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Anais Brasileiros de Dermatologia

Print version ISSN 0365-0596On-line version ISSN 1806-4841

An. Bras. Dermatol. vol.91 no.3 Rio de Janeiro May/June 2016 


Program for Contact Allergen Research (PPAC) - a new tool for dermatologists*

Vanessa Barreto Rocha1 

Carla Jorge Machado1 

Flávia Vasques Bittencourt1 

1Universidade Federal de Minas Gerais (UFMG) - Belo Horizonte (MG), Brazil.


In Brazil there is no classification of dermatological products by the presence of vehicles with sensitizing potential. The objective of this study is to create a database to classify such products based on the absence of the selected allergens, aiming at making it available for medical consultation. We conducted an observational study, from the content of labels and/or inserts on the composition of 966 dermatological products in the Brazilian market. No chemical analysis was performed. The database called Programa para Pesquisa de Alérgenos de Contato ( was created, in which safe products for patients allergic to dermatological vehicles are provided.

Keywords: Additives in cosmetics; Dermatitis, allergic contact; Preservatives, pharmaceutical

Many of the preservatives and fragrances with known sensitization potential are commonly found in vehicles of dermatological products, and its importance is not widely disseminated to physicians.1-4

Allergic contact dermatitis (ACD) to preservatives and fragrances is a major cause of dermatological consultations.1 Thus, the communication of the ingredients of these products is the basis for prevention of ACD to these substances.4-6

In other countries, there are databases for consultation by dermatologists, such as CAMP (Contact Allergen Management Program), maintained by the American Contact Dermatitis Society, and CARD (Contact Allergen Replacement Database), of Mayo Clinic.7,8 CARD and CAMP are digital tools designed to help the allergic patient, wherein lists of products free of certain substances are generated and, despite not being exhaustive, they are excellent starting points for education and/or prescription for these patients. 8 These programs provide lists of personal products and dermatological medicines that are safe for the allergic patient.

In Brazil, such database does not exist, and it is infeasible to use the mentioned bases in the country, because they do not include most of the products available here. Thus the objective of this study was to provide a Brazilian database for medical consultation, enabling identification of products in which such allergens are present, optimizing prescription and avoiding potential events in iatrogenic patients with ACD.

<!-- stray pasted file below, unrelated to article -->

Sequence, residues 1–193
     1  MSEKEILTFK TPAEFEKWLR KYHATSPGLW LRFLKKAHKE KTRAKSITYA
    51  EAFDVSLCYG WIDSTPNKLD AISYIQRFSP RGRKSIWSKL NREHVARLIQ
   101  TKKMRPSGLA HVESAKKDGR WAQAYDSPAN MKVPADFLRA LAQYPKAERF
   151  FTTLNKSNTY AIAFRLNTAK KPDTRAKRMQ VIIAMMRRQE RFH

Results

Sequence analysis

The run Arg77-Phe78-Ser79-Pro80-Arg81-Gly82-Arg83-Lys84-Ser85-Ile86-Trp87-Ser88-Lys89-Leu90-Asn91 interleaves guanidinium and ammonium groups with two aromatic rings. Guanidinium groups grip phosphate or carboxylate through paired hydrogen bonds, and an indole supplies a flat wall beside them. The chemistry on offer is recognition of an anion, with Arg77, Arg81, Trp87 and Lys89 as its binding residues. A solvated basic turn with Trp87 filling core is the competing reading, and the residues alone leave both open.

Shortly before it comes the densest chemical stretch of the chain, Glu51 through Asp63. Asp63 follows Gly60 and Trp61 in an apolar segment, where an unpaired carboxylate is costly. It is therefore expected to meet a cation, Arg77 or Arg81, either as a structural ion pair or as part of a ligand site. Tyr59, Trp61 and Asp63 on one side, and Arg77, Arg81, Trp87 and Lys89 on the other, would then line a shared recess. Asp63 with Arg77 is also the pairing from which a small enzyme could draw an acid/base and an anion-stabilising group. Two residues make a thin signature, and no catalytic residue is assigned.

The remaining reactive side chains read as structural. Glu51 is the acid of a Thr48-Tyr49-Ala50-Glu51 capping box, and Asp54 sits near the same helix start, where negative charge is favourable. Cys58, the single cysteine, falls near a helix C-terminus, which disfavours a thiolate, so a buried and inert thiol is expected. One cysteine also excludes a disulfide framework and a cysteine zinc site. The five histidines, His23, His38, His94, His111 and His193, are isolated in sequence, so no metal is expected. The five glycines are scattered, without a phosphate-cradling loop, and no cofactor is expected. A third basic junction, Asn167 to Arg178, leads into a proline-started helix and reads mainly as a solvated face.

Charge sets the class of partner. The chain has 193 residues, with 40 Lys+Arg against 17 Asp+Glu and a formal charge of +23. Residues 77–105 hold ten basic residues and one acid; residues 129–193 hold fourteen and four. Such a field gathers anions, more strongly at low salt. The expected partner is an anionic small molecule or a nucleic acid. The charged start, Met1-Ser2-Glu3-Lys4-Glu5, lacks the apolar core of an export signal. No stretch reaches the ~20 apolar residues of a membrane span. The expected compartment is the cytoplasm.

Review studies on ACD for dermatological vehicles have resulted in a list of allergens present in products: sorbic acid, cetyl alcohols, cetostearyl, stearyl and stearic alcohol, balsam of Peru, butylated hydroxytoluene (BHT), bronopol, chlorhexidine, diazolidinyl urea, ethylene diamine, phenoxyethanol, formaldehyde, fragrance, imidazolidinyl urea, lanolin, methylchloroisothiazolinone/ methylisothiazolinone (MCI/MI), methyldibromo glutaronitrile, parabens, propylene glycol, triclosan and triethanolamine.1-4 As for the fragrance, the 26 ingredients contained in the European Cosmetics Directive were included,6 as well as the hidden ingredients of fragrance and all botanical substances for its possible action as sensitizing.9 Balsam of Peru was considered synonymous with fragrance.1

We obtained 966 labels and package inserts of dermatological products, divided into "brand" and generic topical medications, injectable pharmaceuticals, sunscreens, moisturizers, soaps and cleansing lotions, shampoos and cosmeceuticals. The selection of drugs was made possible by consulting the Dictionary of Pharmaceutical Specialties (DEF). Package inserts were consulted on the DEF itself, on laboratories websites, thought questions sent by e-mail to these laboratories or were direct obtained from medicines. For generic drugs, we performed a research on generic dermatological products laboratories websites and we selected six who had complete package inserts available online. In the case of products classified as "non-medicine", we tried to obtain the information on the industries websites, but most of the time, the information was not available. Labels and package inserts were obtained upon request to the industry by email or to their representatives, and most of the information came from free samples obtained during 12 years of work.